The Challenge As Nigeria Goes Legislative To End Open Defecation

The Challenge As Nigeria Goes Legislative To End Open Defecation

The Federal Government said on Friday it is looking for a legislated means to curb the menace of open defecation. We hope they build more public toilets across Nigerian cities.

Open defecation has grown to worrisome degree in Nigeria and there seems to be no end to it by the way it is going.

Therefore, the Federal Government has said an Executive Order shall be signed by President Muhammadu Buhari, to effect the punishment of individuals who have refused to use the toilet; a step it believed will help to eradicate the practice totally.

Nigeria has a 2025 national target of ending open defecation, according to the Minister of Water Resources, Suleiman Adamu, who told the press in Abuja, that the move is geared toward achieving that target. He said the Executive Order will instigate the needed discipline in Nigerians to promote good hygiene when it comes to defecation.

“In the national WASH (Water, Sanitation, and Hygiene) action plan that we are promoting which the states are adopting, there is a provision for some legislation to be made against open defecation.

“And there is going to be an Executive Order signed by President Buhari to that effect, where there is a law against open defecation. Also, law enforcement agencies will do their bit.

“We need individuals and communities to have this behavioral change. It the responsibility of a household and for their well-being and dignity for them to imbibe the culture of building and looking for toilets to relieve themselves,” he said.

He also disclosed that the Federal Executive Council (FEC)has approved ‘use the toilet’ campaign, and it will be flagged off in commemoration of the World Toilet Day, come November 19, 2019. He added that idea is to educate the public on the ills of defecating openly.

“We are hoping that once the campaign gets into the mind of people, our job is done. So when the communities begin to see that this is not right, this behavior will change.

“Open defecation is a bad practice and should be stopped. We as governments at the federal and state levels have our own responsibility, where these facilities are not available we should make concerted efforts to provide an alternative,” he said.

In October 2019, Nigeria became the country with the highest number of people defecating openly, putting India to second place. It is estimated that over 50 million people in Nigeria practice open defecation; a situation that has been attributed to poor health and education, especially among children.

In 2014, the National Council of Water Resources prioritized the development of a roadmap towards eliminating open defecation, in line with United Nations global campaign to end open defecation.

With 2025, as target, the Roadmap provides a guide towards achieving an open defecation free country using many techniques that involve provision of sanitation facilities in public places; community led total sanitation; promotional and media campaigns; creating enabling environment; capacity building and coordination mechanism.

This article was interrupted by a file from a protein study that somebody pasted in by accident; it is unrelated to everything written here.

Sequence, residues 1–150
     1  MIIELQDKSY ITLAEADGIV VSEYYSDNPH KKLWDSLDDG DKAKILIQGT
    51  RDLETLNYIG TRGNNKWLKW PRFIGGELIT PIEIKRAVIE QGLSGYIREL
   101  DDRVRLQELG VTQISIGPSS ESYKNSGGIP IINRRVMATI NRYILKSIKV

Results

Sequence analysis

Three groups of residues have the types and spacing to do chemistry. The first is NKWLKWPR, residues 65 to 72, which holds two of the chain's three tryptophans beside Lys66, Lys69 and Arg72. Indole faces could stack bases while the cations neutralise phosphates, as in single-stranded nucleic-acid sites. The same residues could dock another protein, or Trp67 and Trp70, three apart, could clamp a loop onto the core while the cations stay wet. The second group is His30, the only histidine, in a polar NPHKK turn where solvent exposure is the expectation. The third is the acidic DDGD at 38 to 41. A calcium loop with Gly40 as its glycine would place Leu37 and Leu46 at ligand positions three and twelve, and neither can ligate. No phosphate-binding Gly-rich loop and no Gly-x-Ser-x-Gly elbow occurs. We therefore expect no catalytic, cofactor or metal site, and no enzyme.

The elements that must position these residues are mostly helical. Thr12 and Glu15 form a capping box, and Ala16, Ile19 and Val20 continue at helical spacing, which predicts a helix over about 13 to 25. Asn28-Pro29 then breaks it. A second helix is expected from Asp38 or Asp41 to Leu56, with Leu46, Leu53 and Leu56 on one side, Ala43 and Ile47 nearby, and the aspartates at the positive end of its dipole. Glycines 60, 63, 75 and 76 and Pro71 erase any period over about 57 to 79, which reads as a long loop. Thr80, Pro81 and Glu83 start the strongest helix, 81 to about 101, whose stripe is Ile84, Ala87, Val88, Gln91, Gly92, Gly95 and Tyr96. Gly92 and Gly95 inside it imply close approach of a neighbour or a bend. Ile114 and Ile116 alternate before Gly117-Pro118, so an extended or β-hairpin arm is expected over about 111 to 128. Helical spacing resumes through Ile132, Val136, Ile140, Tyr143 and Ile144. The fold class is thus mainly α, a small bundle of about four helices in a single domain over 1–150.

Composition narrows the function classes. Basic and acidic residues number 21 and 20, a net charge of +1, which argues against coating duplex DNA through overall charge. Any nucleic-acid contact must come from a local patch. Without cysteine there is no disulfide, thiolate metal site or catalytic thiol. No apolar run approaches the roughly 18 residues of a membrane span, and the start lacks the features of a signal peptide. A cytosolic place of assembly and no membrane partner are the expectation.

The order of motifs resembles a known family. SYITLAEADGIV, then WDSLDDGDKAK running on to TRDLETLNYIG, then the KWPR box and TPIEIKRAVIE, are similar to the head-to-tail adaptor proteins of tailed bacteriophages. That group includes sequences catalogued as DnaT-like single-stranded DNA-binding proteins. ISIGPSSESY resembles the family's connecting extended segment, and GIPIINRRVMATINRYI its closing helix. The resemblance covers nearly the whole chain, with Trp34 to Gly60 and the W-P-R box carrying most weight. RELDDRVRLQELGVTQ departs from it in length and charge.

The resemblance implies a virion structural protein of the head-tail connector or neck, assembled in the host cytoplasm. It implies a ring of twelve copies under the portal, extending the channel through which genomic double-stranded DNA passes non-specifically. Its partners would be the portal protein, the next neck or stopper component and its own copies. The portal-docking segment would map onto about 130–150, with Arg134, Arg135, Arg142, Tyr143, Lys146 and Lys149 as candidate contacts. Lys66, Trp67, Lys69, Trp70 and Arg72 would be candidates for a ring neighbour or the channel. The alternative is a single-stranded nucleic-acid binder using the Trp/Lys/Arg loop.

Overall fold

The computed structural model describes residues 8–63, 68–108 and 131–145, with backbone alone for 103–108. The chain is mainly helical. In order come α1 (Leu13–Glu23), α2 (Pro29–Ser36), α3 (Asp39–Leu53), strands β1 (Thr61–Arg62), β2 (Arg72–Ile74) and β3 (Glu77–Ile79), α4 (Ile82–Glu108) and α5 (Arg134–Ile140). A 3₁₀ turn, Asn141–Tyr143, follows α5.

The Roadmap also provides the estimated cost of meeting the target by government of all levels and the private sector, in areas of construction of sanitation facilities in public and private places. The Roadmap also provides a basis for the development of the partnership for Expanded Water Supply and Sanitation (PEWASH) programme that was targeted at establishing multi-sectoral partnership between governments, development partners and the private sector.

They will all work to provide rural dwellers with adequate water supply to enable adequate hygienic attitude. The Federal Ministry of Water Resources will provide the enabling environment, leadership and coordination required in achieving this target by working with the communities, civil society, development agencies, the private sector and government at subnational levels.

It was upon this Roadmap that quest to end open defecation was established and launched in 2016.

To achieve the 2025 target, Nigeria needs to build 2 million toilets yearly, from 2019 to 2025, a task that will gulp estimated N959 billion. The government is expected to provide only about 25 percent of the fund, which is around N234 billion.

Head of WASH at UNICEF Nigeria, Zaid Jurji, said that the remaining 75 percent of the fund will be incurred by households.

“The majority of the costs to households will be spent on constructing toilets for those that don’t have them, while funds from the government will be spent on public projects including ensuring access to toilets facilities at public places,” he said.

As the campaign is set to take off on the 19th of November, lack of fund will pose a major challenge to the target. The campaign is mostly going to dwell on publicity and sensitization, since there is no fund to start the implementation of toilet building and water supply, especially in rural areas. The success of the 2025 target on open defecation in Nigeria depends mostly on the 75 percent of the needed fund that is expected to be raised through multi-sectoral partnership. Without the fund, people will have no alternative to open defecation, and no matter what the punishment by Executive Order may entail, the call of nature must be answered.

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